I have a bamboo walking stick that I take everywhere basically as protection from the often vicious stray dogs that roam around this village. Many people, even younger ones, carry walking sticks for this reason. I never studied Filipino martial arts, but I was the leader of the riot control team in a NY maximum security prison for many years and have trained and used batons extensively, and many of those techniques are useful for canes or walking sticks. Now I am retired and live in Thailand and have been learning Thai stick fighting techniques of what is called krabi krabong.
     
  13. Brock

    Brock Asha'man

    I believe at last summer's meet and greet Drac said that he and Father Greek were carrying their canes (not using them to walk) and not only were they allowed onto the plane with them, they were sent through security via the handicapped line and were able to pass through faster.
     
  14. TuhonBill

    TuhonBill New Member

    Cane in FMA

    Hi Folks,

    I adapted some Pekiti-Tirsia techniques for cane/walking stick use since, other than the LEOs, very few of my students carried a baston length stick on their person on a daily basis.

    The techniques are grouped into three sets with 12 techniques per set.

    1. Low Grip. The stick is held like a baseball bat.
    2. Middle Grip. The stick is held like a rifle with a bayonet.
    3. High Grip. The stick is held as if you were doing bench press.

    From there, many of the close quarters baston techniques from Pekiti-Tirsia (such as the second set of Recontras) can be taught as an advanced cane set.

    You can find the first walking stick set being demonstrated on YouTube:
    http://www.youtube.com/watch?v=6Hy8ZXJckME

    Regards,
    Tuhon Bill McGrath
     
  15. lhommedieu

    lhommedieu Senior Member

    PTK Cane

    Great stuff and very practical. What I like about PTK cane is that it's modular: you can adapt the techniques to a variety of larger-than stick/baton type weapons. It's also easy to see how, since a lot of the techniques look like they're bayonet-based, you can adapt them to an empty/jammed shotgun or carbine, if no other weapon is available and clearing/reloading your weapon is not an option.

    Longer staff-type weapons get addressed quite well by the PTK sibat curriculum, so there's quite a nice blunt trauma continuum going on here:

    empty hand - pocket stick - stick - cane - sibat

    You could, for example, find techniques that would work well with a hiking staff from both the cane and sibat curriculum.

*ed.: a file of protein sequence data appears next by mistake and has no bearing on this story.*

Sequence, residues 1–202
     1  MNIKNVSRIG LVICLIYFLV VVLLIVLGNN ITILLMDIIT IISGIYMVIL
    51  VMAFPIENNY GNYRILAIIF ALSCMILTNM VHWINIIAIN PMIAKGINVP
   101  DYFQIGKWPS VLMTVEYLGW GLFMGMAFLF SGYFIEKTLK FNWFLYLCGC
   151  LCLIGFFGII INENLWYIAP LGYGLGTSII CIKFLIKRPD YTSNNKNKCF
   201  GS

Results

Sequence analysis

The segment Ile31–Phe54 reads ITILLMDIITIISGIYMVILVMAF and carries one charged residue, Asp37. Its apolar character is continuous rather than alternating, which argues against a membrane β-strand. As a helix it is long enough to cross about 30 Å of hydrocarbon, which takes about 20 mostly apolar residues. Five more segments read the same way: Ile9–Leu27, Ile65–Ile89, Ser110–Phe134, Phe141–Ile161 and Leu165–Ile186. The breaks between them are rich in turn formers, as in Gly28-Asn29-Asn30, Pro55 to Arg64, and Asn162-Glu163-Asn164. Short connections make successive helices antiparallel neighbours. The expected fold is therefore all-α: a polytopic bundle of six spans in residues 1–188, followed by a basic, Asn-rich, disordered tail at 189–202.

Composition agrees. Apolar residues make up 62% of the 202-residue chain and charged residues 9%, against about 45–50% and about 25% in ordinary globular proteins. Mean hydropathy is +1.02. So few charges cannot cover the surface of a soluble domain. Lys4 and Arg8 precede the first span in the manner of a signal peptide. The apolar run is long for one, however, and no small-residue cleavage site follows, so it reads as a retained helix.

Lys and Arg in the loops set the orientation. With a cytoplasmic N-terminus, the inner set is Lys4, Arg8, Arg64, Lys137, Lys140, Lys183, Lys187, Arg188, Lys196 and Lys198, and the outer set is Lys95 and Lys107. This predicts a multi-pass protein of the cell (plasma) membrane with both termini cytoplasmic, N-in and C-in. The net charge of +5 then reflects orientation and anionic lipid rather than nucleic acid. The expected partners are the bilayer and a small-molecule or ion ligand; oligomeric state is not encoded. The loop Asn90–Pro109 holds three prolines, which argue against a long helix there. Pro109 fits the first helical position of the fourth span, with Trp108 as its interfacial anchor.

I don't think that there's much that doesn't get addressed by such the continuum, and the more that one practices individual weapons and the techniques for each weapon, the more one comes to find a shared quality of movement between them.

    Best,

    Steve
     
  16. tellner

    tellner New Member

    I've modified my stick and sword work for a walking-stick. I've also spent some time practising the curriculum outlined in the old text The Walking Stick Method of Self Defense. It's good stuff, and with the scars on my leg I can get away with carrying one almost anywhere.

    When my unindicted co-conspirators Mushtaq and Terry finalise the Silat Zul Fikari curriculum the two main weapons will be the walking stick and the scarf. I was holding out for shamshir and buckler and Eastern archery, for the sheer coolth factor, but they're a bit limited in the modern world :(
     
  17. Saw a mental thing on the "Animal Planet" or a similar channel last night...

    This nutcase was in a South African game part filming a wildlife documentary. There'd been reports of man eating lions.

    Off he went armed with a sheperds crook to tackle the lions. His plan was to ram the stick down the throat of a charging lion, initiating their gag reflex..I was mostly amused by the cameraman who said "What should I be doing when you do this? Run back to the jeep?" and the guy (who I have nothing but admiration for) told him to stay put.

    I saw them get charged by a lion as he was testing the Lion's flight / fight reflex and they all ran as fast as possible back to the jeep. Unfortuantely, I didn't see what happened when the guy decided to stand his ground on his next sorte.

    Class.
     
  18. chiangmaiheadman

    chiangmaiheadman New Member

    I have a big bamboo walking stick to protect me from the many vicious dogs around here. But a dog is not a lion. I think this guy is crazy and I hope he survives but I would bet on the lion. I have not seen a lion attack in person but I have seen tigers and believe me if they charge you a stick is not stopping them.
     
  19. DAMAG-INC

    DAMAG-INC New Member

  20. Datu Tim Hartman

    Datu Tim Hartman FMA Talk Founder Supporting Member

    I use the cane a lot. It's a mix of Dr Gyi's Bando cane program and my Presas Family blend. It works quite well.!